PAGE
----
After a mixed start the Cleveland Cavaliers are reeling now, dropping four of their past five games and two straight at home. After losing badly to the Timberwolves, the team held a players-only meeting to air out grievances. Things grew confrontational and rumors spread that an altercation between guards Kyrie Irving and Dion Waiters occurred. Waiters would go on to miss the next two games with an undisclosed injury, while Irving has played with a mask to protect a slightly broken nose and black eye. Since returning to the team, Waiters has denied these allegations.
Even if Kyrie and Waiters didn’t throw punches, there are still clearly major chemistry issues in Cleveland. The team has no rhythm, especially offensively. The Cavs currently average 92.4 points per game, which ranks 27th in the NBA, and have an offensive rating of 96.9, second worst in the league. Irving, the team’s catalyst, has struggled greatly, and they haven’t received much support from their big men either.
Head coach Mike Brown has struggled to build a team identity in his second tenure with the Cavs, and, outside of oft-injured center Anderson Varejao, the team does not have any veteran leadership to turn to for guidance. (Sorry, despite two rings, Andrew Bynum is the last person who should be asked to give advice to young players.) So perhaps the Cavaliers could receive the jolt through a lineup shakeup, particularly making Waiters the permanent sixth man.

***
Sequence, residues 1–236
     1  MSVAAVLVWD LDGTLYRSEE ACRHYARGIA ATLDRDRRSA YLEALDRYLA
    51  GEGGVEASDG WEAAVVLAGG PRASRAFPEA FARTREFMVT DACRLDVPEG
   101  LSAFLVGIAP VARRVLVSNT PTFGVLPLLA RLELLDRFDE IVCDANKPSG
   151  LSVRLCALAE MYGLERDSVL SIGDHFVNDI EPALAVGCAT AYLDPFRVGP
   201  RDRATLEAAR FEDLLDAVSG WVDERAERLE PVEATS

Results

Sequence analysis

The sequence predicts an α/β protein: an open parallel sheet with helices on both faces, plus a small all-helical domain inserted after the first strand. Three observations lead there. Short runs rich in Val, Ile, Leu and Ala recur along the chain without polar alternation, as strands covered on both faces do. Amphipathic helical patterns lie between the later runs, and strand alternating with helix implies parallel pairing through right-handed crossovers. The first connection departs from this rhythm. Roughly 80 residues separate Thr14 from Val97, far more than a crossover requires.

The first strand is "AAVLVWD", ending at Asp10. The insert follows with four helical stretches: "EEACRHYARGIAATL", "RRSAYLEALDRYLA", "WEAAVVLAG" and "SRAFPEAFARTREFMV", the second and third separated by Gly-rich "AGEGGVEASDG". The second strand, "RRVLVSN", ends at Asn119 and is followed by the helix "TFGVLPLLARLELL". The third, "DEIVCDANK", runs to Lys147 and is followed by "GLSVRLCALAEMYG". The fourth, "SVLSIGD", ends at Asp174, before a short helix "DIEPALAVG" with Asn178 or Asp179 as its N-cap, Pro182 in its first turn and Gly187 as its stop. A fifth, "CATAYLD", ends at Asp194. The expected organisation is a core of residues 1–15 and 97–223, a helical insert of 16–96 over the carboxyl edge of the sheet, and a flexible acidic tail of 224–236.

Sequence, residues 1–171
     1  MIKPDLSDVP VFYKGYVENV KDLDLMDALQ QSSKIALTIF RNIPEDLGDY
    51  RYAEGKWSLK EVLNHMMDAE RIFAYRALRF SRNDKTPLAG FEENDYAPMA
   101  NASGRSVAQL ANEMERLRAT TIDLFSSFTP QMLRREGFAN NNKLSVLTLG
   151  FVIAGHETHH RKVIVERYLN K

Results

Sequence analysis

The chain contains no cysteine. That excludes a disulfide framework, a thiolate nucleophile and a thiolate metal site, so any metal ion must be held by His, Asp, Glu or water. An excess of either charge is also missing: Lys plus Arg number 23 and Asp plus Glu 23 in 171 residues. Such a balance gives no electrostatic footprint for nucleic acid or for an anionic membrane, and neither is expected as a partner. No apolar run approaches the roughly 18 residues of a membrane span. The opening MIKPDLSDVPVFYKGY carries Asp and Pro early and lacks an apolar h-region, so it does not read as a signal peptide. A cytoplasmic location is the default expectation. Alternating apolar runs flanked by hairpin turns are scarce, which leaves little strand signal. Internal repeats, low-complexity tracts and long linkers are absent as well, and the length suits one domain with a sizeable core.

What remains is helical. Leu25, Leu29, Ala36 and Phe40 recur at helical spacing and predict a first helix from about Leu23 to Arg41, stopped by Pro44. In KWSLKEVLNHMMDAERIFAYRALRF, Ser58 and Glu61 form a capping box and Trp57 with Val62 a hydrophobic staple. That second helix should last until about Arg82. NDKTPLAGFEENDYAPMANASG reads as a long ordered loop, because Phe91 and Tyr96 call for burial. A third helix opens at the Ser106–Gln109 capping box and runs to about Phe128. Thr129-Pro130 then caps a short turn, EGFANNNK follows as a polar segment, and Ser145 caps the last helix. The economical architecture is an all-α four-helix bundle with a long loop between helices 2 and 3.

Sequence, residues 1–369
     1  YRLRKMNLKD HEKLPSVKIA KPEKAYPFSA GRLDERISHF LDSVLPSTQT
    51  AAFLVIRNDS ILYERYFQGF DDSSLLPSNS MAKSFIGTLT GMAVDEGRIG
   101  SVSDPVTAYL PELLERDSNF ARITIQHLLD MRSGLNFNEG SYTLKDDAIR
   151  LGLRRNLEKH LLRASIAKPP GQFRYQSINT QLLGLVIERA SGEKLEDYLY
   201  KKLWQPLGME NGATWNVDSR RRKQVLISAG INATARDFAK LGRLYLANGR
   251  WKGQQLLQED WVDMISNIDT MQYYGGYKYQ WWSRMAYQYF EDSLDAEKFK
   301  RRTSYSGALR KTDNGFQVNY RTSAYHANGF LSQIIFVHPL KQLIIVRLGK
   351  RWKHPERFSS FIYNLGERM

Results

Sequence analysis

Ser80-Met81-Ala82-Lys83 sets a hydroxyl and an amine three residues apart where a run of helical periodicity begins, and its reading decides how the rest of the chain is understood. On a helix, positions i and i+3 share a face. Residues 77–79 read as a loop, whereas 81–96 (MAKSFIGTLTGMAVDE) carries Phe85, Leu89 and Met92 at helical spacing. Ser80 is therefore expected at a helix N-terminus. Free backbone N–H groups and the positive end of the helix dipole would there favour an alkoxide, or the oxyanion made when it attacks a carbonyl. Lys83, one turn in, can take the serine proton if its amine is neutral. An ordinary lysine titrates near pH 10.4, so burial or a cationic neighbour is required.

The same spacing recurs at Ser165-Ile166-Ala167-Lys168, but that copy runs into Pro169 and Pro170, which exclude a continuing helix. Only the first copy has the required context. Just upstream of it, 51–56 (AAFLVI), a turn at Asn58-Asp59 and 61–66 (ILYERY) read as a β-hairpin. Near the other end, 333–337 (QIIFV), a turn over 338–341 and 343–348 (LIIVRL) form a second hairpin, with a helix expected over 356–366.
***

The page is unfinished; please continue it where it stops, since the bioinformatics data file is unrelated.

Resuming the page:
During his sophomore year at Syracuse, Waiters served as the team’s sixth man and prospered in the role. He was named Big East Sixth Man of the Year and received AP Honorable Mention All-American honors. He averaged 12.6 points per game in 24.1 minutes, shooting 47.1%. He helped lead the Orange to a #1 seed in the NCAA Tournament, taking them to the Elite Eight where they lost to Ohio State 77-70. Despite never starting a game in college, the Cavaliers saw enough promise in Waiters to select him with the fourth overall pick in the 2012 Draft.
In his rookie season, Waiters played 61 games, starting 48 of those. Despite playing fewer minutes, Waiters put up slightly better numbers in most categories when coming off the bench. Here’s a side-by-side comparison of his numbers:
Aside from assists, Waiters saw his stats improve in all other categories, especially his shooting percentages. The Cavaliers could use Waiters in a similar way to how the Thunder used James Harden when he still called Oklahoma City home. Obviously, Waiters is not nearly as good as Harden, but he could offer a similar spark off the bench. The offense could run through Waiters and he would still get to play with either Bynum or Varejao, whichever one does not get the start. This could place Waiters in a role he feels more comfortable with, and avoid whatever chemistry issues or clashes of style Irving and Waiters may have.
The Cavaliers gave C.J. Miles the start Wednesday against Washington, but he got injured after playing only three minutes, leading Waiters to have to play big minutes with the rest of the starters again. He struggled, going 2-for-13 for 11 points. Still, the Cavaliers should continue to bring Waiters off the bench. He’s struggled so far averaging only 13.1 PPG on 37.4%. The team wouldn’t exactly be disrupting anything. Right now, the team needs to try everything to create a flow, and shaking up the starting lineup may just be the jolt the players need.